When Jerald Melberg opened his eponymous gallery in Charlotte, North Carolina, 30 years ago, he knew that the secret to success would come from working with a national base of clients and collectors. "I must admit, I'm amazed that I've been able to hang in there and do this outside of a major metropolitan area for the last 30 years," says Melberg. "I have plenty of wonderful regional clients but I knew from the beginning that if I were to succeed, I would have to make my client base national. So, I made a very conscious effort to develop relationships at a national level. We do a lot of art fairs and that has really helped us get the word out."
For this 30th anniversary show, Melberg will have new work by classic contemporary artists such as Wolf Kahn, Lee Hall, and Brian Rutenberg, and then works by estates he represents such as Robert Motherwell, Romare Bearden, James Rosati, and Esteban Vicente. "With the gallery, I have two parallel tracks that we work in," says Melberg. "The first is well-established mid- to late- career living artists and the second is important late-20th-century estates." With Motherwell, Melberg represents the Dedalus Foundation in the Southeast. The Dedalus Foundation operates six major programs, each dedicated to informing the public about the principles of modern art and modernism, as expressed in the works of Motherwell and other modern artists. "We have a terrific relationship," says Melberg, "and we've worked together very well over the years."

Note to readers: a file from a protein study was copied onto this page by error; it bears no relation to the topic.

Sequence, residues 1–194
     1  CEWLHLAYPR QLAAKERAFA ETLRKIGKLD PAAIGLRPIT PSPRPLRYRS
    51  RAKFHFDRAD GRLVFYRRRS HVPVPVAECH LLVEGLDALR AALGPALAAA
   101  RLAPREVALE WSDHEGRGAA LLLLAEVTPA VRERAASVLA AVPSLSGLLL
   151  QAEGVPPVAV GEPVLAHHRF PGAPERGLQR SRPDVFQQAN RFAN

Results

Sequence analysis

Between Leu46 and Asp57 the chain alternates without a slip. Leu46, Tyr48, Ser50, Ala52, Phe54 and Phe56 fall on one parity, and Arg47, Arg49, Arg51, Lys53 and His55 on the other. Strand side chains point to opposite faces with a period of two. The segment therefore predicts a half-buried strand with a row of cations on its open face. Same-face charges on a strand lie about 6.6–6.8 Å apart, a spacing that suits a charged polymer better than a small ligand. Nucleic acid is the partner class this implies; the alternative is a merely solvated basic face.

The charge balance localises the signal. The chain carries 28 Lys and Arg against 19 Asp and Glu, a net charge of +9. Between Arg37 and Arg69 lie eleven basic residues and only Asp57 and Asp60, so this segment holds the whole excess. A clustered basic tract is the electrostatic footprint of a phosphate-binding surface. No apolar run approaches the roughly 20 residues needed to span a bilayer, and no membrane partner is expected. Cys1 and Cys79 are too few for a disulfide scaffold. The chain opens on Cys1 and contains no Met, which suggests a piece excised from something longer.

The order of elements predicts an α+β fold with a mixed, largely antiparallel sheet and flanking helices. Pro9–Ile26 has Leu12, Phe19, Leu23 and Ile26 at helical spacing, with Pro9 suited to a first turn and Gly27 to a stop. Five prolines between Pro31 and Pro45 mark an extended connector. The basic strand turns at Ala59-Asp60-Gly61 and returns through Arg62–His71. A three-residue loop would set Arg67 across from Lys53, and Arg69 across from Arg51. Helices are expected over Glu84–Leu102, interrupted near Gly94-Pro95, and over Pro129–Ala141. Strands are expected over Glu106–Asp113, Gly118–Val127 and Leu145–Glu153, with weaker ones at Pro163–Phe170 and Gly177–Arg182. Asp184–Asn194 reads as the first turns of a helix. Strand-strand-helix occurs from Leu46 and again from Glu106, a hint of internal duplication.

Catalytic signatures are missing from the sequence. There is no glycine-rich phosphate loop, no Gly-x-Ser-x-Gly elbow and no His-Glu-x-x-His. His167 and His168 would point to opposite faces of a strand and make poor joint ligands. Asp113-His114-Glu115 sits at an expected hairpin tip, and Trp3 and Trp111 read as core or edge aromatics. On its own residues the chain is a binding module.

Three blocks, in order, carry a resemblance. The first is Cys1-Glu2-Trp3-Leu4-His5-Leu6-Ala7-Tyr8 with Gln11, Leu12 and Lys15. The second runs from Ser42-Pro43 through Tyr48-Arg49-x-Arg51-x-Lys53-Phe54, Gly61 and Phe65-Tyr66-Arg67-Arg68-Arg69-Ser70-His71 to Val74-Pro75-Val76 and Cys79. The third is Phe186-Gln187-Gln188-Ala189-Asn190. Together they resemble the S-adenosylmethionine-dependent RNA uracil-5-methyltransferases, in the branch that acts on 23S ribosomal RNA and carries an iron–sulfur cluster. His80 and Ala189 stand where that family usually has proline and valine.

Melberg first came to the area in 1980 to serve as the curator of the Mint Museum in Charlotte. At the time, the first project he proposed was a major show for Bearden, a 10-year retrospective featuring his work of the 1970s. Bearden was important to Melberg as the artist was from Charlotte as well. "When I left the museum to open the gallery I had lunch with Bearden in New York City," says Melberg. "I told hime that I was leaving and he said, 'Jerald, I already know.' And, when I said to him that it would be a real privilege and an honor to represent him in his hometown, he responed by saying that he would've been very disappointed if I didn't ask. We had a wonderful relationship over the last 15 years of his life and I really saw him as a second grandfather to me. He was a dear friend and we knew each other very well."
Melberg is proud of the fact that the city of Charlotte recently built an 8-acre park in the center city and named it after Bearden. It's just one of the many elements of the city that has kept Melberg there over all these years. "Sometimes I feel that there are people who still hold a prejudice against the South," says Melberg. "But people don't really understand that Charlotte is a big, booming city. It is very contemporary, very modern, with great architecture and wonderful cultural amenities. The opera is great, the symphony is great and the art museums are first class as well. It's a great place to live and the last 30 years have been a blessing to me."